Armey Has Two Irons in the Fire on Asbestos
Radio listeners in 15 states in recent weeks have heard a broadcast appeal from former House Majority Leader Dick Armey (R-Texas) asking them to help scuttle a bill designed to contain asbestos litigation.
“Hi, I’m Dick Armey and I’m fighting for lower taxes as chairman of the group FreedomWorks,” Armey says in the radio ads. He then tells listeners that the bill backed by Sen. Arlen Specter (R-Pa.) would levy $140 billion in new taxes to create a federal trust fund for asbestos-related disease victims.
Calling the bill an “outrageous idea,” Armey encourages listeners to contact their Senators and urge them to stop it.
But at no time in the ad — made in his capacity as co-chairman of FreedomWorks, a conservative grass-roots network — does Armey disclose that he is also working as a lobbyist for Equitas, a British insurer that has lobbied to thwart the asbestos trust fund legislation.
Armey’s work on behalf of Equitas comes at a time when FreedomWorks — the successor to the groups formerly known as Citizens for a Sound Economy and Empower America — has made opposing the asbestos legislation a top priority. In addition to paying for a radio and print ad campaign, the group is also tapping its networks of activists to help, a move it claims is generating hundreds of calls and thousands of e-mails to Senate offices.
FreedomWorks, whose platform is devoted to promoting conservative economic principles, is organized as a 501(c)(4), a tax-exempt status that does not require the group to list its donors.
Chris Kinnan, a spokesman for the group, declined to say whether Equitas has contributed.
“It’s pretty clear what our mission is,” he said. “So the groups who support us support that, too.”
In a statement, Armey said his work on the issue is consistent with his longstanding views on the subject.
“Throughout my entire political career I have favored tort reform to fix our broken legal system, and the asbestos litigation crisis is one of the saddest examples of the way trial lawyers have broken our court system, costing jobs and providing little relief for actual victims,” he said. “When it comes to tort reform — and the rest of the FreedomWorks’ agenda of tax reform and Social Security reform — it’s very clear where I stand and where FreedomWorks and its members stand.”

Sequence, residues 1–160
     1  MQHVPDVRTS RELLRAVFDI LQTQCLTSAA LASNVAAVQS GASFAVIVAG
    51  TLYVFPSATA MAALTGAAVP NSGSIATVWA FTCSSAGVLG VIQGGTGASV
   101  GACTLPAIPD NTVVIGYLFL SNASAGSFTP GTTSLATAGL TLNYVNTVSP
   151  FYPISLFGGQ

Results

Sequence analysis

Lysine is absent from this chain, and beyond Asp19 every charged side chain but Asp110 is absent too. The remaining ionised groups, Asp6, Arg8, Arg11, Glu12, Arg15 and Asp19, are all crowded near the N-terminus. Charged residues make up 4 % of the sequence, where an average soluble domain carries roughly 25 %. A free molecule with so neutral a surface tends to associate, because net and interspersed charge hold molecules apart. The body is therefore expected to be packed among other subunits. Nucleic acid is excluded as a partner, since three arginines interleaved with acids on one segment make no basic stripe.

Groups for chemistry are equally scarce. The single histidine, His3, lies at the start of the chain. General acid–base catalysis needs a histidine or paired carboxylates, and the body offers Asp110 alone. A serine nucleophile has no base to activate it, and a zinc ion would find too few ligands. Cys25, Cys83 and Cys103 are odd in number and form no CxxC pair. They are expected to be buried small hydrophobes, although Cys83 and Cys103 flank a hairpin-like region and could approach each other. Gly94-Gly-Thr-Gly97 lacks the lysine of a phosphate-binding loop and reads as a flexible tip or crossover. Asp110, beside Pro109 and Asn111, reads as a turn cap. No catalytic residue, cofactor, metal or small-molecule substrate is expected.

Armey did not address his work for Equitas on behalf of DLA Piper Rudnick Gray Cary, and lobbyists at the firm could not be reached for comment.
FreedomWorks spokesman Kinnan said Armey’s work for Equitas is “not even something we’re equipped to disclose.”
“To be honest, I didn’t even know he was registered” to lobby for Equitas, Kinnan said.
But some watchdogs said it was inappropriate for Armey not to disclose his dual roles.
“When corporate interests are essentially hiring grass-roots organizers at FreedomWorks, that should be revealed,” said John Stauber, executive director of the Center for Media and Democracy, a nonpartisan organization that tracks public relations campaigns. “There’s never been a requirement to report grass-roots lobbying in this country, and it allows the special interests who fund FreedomWorks to hide behind that loophole in the lobby law.”
Equitas, a British insurance company, won a key concession in the asbestos bill last week when Specter agreed to an amendment that would grant the company the same relief as American insurers in the event that they have trouble meeting their obligations to the trust fund.
In previous weeks, though, Equitas’ Washington representatives spoke out against the bill, calling it unfair.
In January testimony before the Judiciary committee, Jeffrey Robinson, a lawyer for the company, railed against the provision that the recent amendment addresses.
He also called bill’s method for determining insurance contributions into the trust fund “patently unacceptable.” And he criticized a provision in the bill that allows certain insurers, but not Equitas, to make side agreements about payments into the trust fund.
“Absent steps to address these identified failings in the Asbestos Insurers Commission,” Robinson told the committee, “this legislation will be neither effective nor fair.”
Meanwhile, Senate filings show that Armey, as a lobbyist for the firm DLA Piper, has been working on the Equitas account.
The client has been a big moneymaker for the firm. Equitas directed $920,000 of the $1.7 million it spent on outside lobbying help last year to DLA Piper.
And the company has continued to hire heavy-hitting lobbyists to work the issue. Last month it retained Quinn Gillespie and Associates, the firm co-founded by former Republican National Committee chairman and onetime Armey aide Ed Gillespie.
Kinnan said FreedomWorks’ agenda is determined in part by which issues are attracting attention in Congress. Focusing on asbestos legislation, he said, was a natural continuation of FreedomWorks’ campaign to reform the judiciary.
“Our members have been surprisingly articulate and energetic about this,” he said. “They understand the nuances of the debate, and they’ve been unusually active.”
Armey retired from the House in 2002 after serving nine terms. Last year, he joined both DLA Piper and FreedomWorks, which he co-chairs along with former White House counsel C. Boyden Gray and former Sen. Jack Kemp (R-N.Y.).